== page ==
Dune Acres [BMI Music Foundation & DSO co-commission in honor of Ralph Jackson: world premiere performances]
Violin Concerto, Op.14
Bernstein, arr. Lukas Foss
Prelude, Fugue and Riffs
West Side Story [Symphonic Dances & selections]
Kimberly Kaloyanides Kennedy (violin)
Ralph Skiano (clarinet)
Emilie Kouatchou (soprano) & Jamie Colburn (tenor)
Detroit Symphony Orchestra
Reviewed by: Colin Anderson
Reviewed: 22 February, 2019
Venue: Orchestra Hall, Detroit, Michigan
Two-hundred-and-seventy-three seconds of ambience (whatever happens, happens), the Romeo and Juliet Story transferred to the West Side, a performance that owes to Henry Ford of a gorgeous Violin Concerto, a Prelude and Fugue that ends up doing Riffs, and the newest of the lot, Dune Acres: the latest instalment of American Panorama, the current Winter treat from Leonard Slatkin and the Detroit Symphony Orchestra.
Dune Acres is geographical, it is found in Northern Indiana, on the south shore of Lake Michigan. Kristin Kuster (born 1973) has composed a piece that is also rooted in architecture, her grandparents’ “funkytown” house. This was the second performance of Dune Acres (the first was the night before). It’s a likeable and accessible nineteen-minute piece. The first of its three movements suggests nostalgia and there is an attractive bounce and innocence to its rhythms as well as perhaps a certain sadness to the lyrical moments (scenes from childhood). The central movement is slow – Great Lakes-descriptive, peaceful, misty – sustained strings, harp flecks, and a plaintive trumpet solo, played within the ranks by Bill Lucas, DSO member and husband of the composer. However, the final movement is minimal in idea (singular) but not short in length.
John Cage’s 4’33” (1952), which owes to Zen Buddhism, is for any instrument(s), and consists of whatever sounds occur during the stated time. The score is published, it’s easy to read, and there are three movements. The first performance was by David Tudor, who seated at a piano did nothing more than close the lid at the start and then opening it between movements. In Detroit, Slatkin said a few words, played the opening two stabs of the ‘Eroica’ (if not as Beethoven scored them) and went on to discuss the place of silence within music (in fact a vital part of it). The performance, given attacca, was of hush – a few coughs and a stentorian sneeze aside – and rather spellbinding, and Michael Tippett’s Third Symphony stole into my mind, specifically the flugelhorn solo that signals the vocal final part of the work. I had intended to time 4’33” – but was unable to find a stopwatch on my phone – but Slatkin used his, so I guess it was exact to the second; in reality it proved timeless.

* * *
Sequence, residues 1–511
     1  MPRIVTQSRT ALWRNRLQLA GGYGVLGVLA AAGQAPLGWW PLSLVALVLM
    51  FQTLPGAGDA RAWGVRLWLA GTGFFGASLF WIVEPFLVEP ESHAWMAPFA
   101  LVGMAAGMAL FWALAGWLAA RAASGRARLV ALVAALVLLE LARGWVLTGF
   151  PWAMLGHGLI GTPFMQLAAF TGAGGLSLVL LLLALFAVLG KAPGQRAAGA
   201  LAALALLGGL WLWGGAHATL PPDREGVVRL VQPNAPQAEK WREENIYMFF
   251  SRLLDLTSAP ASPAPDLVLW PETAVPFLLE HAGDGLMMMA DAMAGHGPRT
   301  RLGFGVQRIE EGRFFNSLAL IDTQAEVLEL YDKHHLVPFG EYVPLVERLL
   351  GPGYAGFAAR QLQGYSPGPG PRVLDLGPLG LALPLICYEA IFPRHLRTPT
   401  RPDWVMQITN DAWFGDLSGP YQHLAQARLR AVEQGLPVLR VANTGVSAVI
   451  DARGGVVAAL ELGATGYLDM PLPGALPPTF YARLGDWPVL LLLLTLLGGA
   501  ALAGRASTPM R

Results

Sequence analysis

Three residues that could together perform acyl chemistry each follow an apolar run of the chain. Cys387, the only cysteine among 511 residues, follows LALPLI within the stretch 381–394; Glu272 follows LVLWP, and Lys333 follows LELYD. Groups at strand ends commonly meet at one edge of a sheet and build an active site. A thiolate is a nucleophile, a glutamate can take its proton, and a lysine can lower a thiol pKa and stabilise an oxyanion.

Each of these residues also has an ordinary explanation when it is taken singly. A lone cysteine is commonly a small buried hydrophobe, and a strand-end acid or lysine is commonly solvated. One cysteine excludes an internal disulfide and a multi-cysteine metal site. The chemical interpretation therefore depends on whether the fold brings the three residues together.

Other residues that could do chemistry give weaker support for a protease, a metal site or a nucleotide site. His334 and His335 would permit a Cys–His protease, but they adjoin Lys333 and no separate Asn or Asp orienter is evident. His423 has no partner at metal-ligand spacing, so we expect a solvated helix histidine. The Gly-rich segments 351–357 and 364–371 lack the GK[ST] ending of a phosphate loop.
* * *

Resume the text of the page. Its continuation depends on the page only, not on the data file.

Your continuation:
Kimberly Kaloyanides Kennedy (DSO Associate Concertmaster) then played Samuel Barber’s Violin Concerto using the 1703 “Rougemont” Stradivarius on-loan from The Henry Ford (news-item link below). She played beautifully, heartbreakingly so, richly expressive, the new-to-her violin sounding like an old friend, intimate secrets exposed, passions divulged, and in Slatkin a conductor who has teamed-up in this Concerto with Bell, Chang, Shaham and (recording) Takezawa, and others. It would have been nice to enter into the wistful oboe-led slow movement without the mood-breaking clapping – does Cage’s mission on behalf of silence not cast a meaningful shadow – but once there the musicians’ tenderness magnetised the listener, and the Finale, often given frenetically, was here pleasingly poised, direction and detail entwined and cueing a bevy of bravos. ★★★★★ Henry Ford (who could play violin, maybe this Strad) was the compiler of Kennedy’s country-music encore; I think she called it Money Musk.
Prelude, Fugue and Riffs (1949, first-performed in 1955) is a masterpiece of painstaking notation to create a jazz-band jam session, scored appropriately, so it’s a surprise to learn that Lukas Foss (very much part of Leonard Bernstein’s inner circle) made a version dropping the five funky saxophones and substituting them with smooth strings: no doubt pragmatic. Even the clarinet part (intended for Woody Herman but ending up with Benny Goodman) is modified; nevertheless Ralph Skiano (DSO principal) did a great job with it in an account overall that found a playful side to the music but with no lack of pizzazz in the concluding stages; there was a snazzy contribution on piano, too.
To close, some further evidence of Bernstein’s genius, music from West Side Story. The Symphonic Dances continued the collaboration between the composer, Irwin Kostal and Sid Ramin (the latter two as WSS co-orchestrators, and Mr Ramin recently turned 100). Slatkin didn’t give us all of the Dances, but having cut a couple of chunks he added some songs, three celebrated vocal numbers (words by Sondheim) – ‘Maria’ (from Tony). ‘I Feel Pretty’ (a lilting waltz for Maria) joined by three further ladies that I cannot name, and ‘Tonight’ (for the ill-fated lovers) – all five vocalists stylishly excellent if a little edgy in timbre (no doubt the speakers at the front of the stage told of amplification). Overall, tension and drama were increased by stealth, and ‘Somewhere’ worked its tear-jerking magic without making it obvious, the culmination being ‘Mambo’ – of which viewers got just two bars, for the broadcast ended abruptly and credits rolled.
One more American Panorama programme to come, the live webcast being this Sunday afternoon (3 p.m. EST), when the DSO Become Ocean and Fantasy Timpanists make an appearance. By the way, what you have just read about was the DSO’s 200th webcast and Leonard Slatkin’s eighty-fifth.